Confusion over the new net metering law
In the 2015 legislative session, the WV Legislature preserved the statute (HB2001) requiring power companies to offer net metering to their customers in the process of repealing a broader law concerning WV’s energy portfolio standard. Instead of amending certain definitions back into the preserved net metering statute, the Legislature also passed House Bill 2201 (HB2201) to accomplish that task. One definition in particular, of a new term “cross-subsidization” inserted by amendment, created an ambiguity about both the meaning of the term and how it would be applied by the WV Public Service Commission.
(c) “Cross-subsidization”, for purposes of this section, means the practice of charging costs directly incurred by the electric utility in accommodating a net metering system to electric retail customers who are not customer generators. [emphasis mine]
(d) The Public Service Commission shall adopt a rule requiring that all electric utilities provide a rebate or discount at fair value, to be determined by the Public Service Commission, to customer-generators for any electricity generation that is delivered to the utility under a net metering arrangement. The commission shall assure that any net metering tariff does not create a cross-subsidization between customers within one class of service. [emphasis mine]
This section of the WV Code can be read narrowly that direct costs incurred by a utility to interconnect an individual net metered customer must be paid by that customer. This is currently the WV PSC rule. If a power company must upgrade a transformer or change switching on a circuit to accommodate an individual customer, the customer pays that cost. FirstEnergy’s lobbyist stated that his company interpreted the bill this way in testimony to the House Energy Committee and the Senate Judiciary Committee during the legislative session.
We had been concerned that AEP and FirstEnergy, the two Ohio-based holding companies that control almost all WV electric customers, would try to expand the “cross-subsidization” issue to include the kinds of indirect cost recovery issues that have been raised by power companies throughout the US. While FirstEnergy has made no public comment beyond its lobbyist’s statements at the legislature, AEP published on op ed piece in the Charleston Daily Mail on March 18, 2015, indicating that they will attack the terms of net metering in WV using HB2201.
The forum for resolution of this issue will likely be the WV Public Service Commission, either in a General Investigation case focused on revising current net metering tariffs or in specific rate cases as the power companies individually attempt to change their net metering tariffs.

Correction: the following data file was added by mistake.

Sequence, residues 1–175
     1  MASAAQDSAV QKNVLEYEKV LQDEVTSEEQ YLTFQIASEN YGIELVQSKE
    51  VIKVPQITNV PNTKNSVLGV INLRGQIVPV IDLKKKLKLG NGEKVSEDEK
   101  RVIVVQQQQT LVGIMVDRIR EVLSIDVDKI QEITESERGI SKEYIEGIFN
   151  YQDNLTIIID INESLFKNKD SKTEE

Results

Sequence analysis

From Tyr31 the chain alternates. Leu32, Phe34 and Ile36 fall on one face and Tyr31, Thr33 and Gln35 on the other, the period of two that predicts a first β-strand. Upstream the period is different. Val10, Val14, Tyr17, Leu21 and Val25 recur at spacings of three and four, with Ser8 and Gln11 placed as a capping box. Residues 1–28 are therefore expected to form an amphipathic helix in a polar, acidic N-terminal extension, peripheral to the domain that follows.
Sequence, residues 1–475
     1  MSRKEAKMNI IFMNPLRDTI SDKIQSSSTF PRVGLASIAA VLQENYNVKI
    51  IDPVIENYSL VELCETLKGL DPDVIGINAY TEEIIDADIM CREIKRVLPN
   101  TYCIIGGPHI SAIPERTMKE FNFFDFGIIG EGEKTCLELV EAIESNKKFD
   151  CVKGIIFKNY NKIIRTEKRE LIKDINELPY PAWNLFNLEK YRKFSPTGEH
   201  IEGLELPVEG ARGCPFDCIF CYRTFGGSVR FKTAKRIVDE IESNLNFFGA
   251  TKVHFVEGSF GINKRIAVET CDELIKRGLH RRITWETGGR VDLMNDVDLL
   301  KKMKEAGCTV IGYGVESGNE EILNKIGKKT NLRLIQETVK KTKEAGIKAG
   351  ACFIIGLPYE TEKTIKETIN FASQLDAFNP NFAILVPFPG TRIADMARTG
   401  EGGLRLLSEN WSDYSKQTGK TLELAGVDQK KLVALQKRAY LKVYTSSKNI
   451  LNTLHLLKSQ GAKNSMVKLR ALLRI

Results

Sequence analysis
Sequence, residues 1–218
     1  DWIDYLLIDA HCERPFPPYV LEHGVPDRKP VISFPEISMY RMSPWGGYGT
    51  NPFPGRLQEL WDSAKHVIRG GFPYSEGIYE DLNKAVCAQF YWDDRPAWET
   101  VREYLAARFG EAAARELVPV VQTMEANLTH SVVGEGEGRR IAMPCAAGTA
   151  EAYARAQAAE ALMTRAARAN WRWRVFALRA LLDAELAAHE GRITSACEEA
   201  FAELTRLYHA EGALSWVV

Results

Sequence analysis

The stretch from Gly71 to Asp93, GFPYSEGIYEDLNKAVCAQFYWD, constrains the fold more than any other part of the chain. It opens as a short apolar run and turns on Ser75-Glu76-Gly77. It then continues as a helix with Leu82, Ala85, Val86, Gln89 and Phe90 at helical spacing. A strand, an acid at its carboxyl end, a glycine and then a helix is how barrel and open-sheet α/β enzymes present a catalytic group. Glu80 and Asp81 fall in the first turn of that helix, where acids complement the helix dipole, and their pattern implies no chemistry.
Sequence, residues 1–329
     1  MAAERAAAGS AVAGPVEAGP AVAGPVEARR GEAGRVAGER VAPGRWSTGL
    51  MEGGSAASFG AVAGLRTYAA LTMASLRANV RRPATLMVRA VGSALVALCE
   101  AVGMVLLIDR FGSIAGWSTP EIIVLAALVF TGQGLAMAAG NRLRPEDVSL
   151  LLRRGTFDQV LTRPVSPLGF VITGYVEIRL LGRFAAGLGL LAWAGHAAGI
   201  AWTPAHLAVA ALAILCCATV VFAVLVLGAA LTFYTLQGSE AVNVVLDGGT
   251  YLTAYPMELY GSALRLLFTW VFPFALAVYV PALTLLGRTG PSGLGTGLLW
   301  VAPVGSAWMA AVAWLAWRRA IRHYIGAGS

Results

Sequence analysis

Nothing will change until the WV PSC acts
The current PSC rules on net metering will continue to govern any existing or new net metered solar power systems until the PSC determines otherwise. General investigations, rules cases or rate cases generally take at least a year to complete, so there will be plenty of time. The PSC case process is also open to any parties who have an interest in the case. This will give us a strong opportunity to demonstrate that AEP is wrong and that solar power producers actually benefit all other rate payers.
There is also the possibility of a court challenge to any change in the rules that affects the terms of net metering for any solar power producers who installed their system under the existing tariff. This may offer some incentive for people to get their systems installed before the rules change, if they do.
There are two basic ways that power companies in some other states such as Arizona and Wisconsin have eroded net metering. Right now, WV has a system that gives solar power producers a one-for-one credit for the kwh they feed back through their meters at the retail electric rate. Some states just add a monthly fee to net metered customers’ electric bills. That fee is $1.50 per month in Arizona. In Wisconsin, fees are imposed on a utility by utility basis. WE Energies, with the approval of the WI PSC, imposed much higher fees on its customers. In other cases, the amount that solar producers were credited was reduced below the retail electric rate.
Independent studies show that net metered customers provide a net benefit to all other rate payers
There is now a strong body of research that shows net metered solar power producers actually provide benefits to all rate payers. Here are three independent studies that have been done for state public utilities commissions that have come to this conclusion:
Mississippi study by Synapse Energy Economics – http://www.synapse-energy.com/project/mississippi-net-metering-study
MN Value of Solar study – http://www.growsolar.org/wp-content/uploads/2014/10/MN-Value-of-Solar-Methodolgy.pdf
So even if the WV PSC does take up the issue of how net metered customers should be compensated, we have the evidence to support our position, and we will have an opportunity to present it in any case the power companies file.
Additional net metering posts on WV SUN: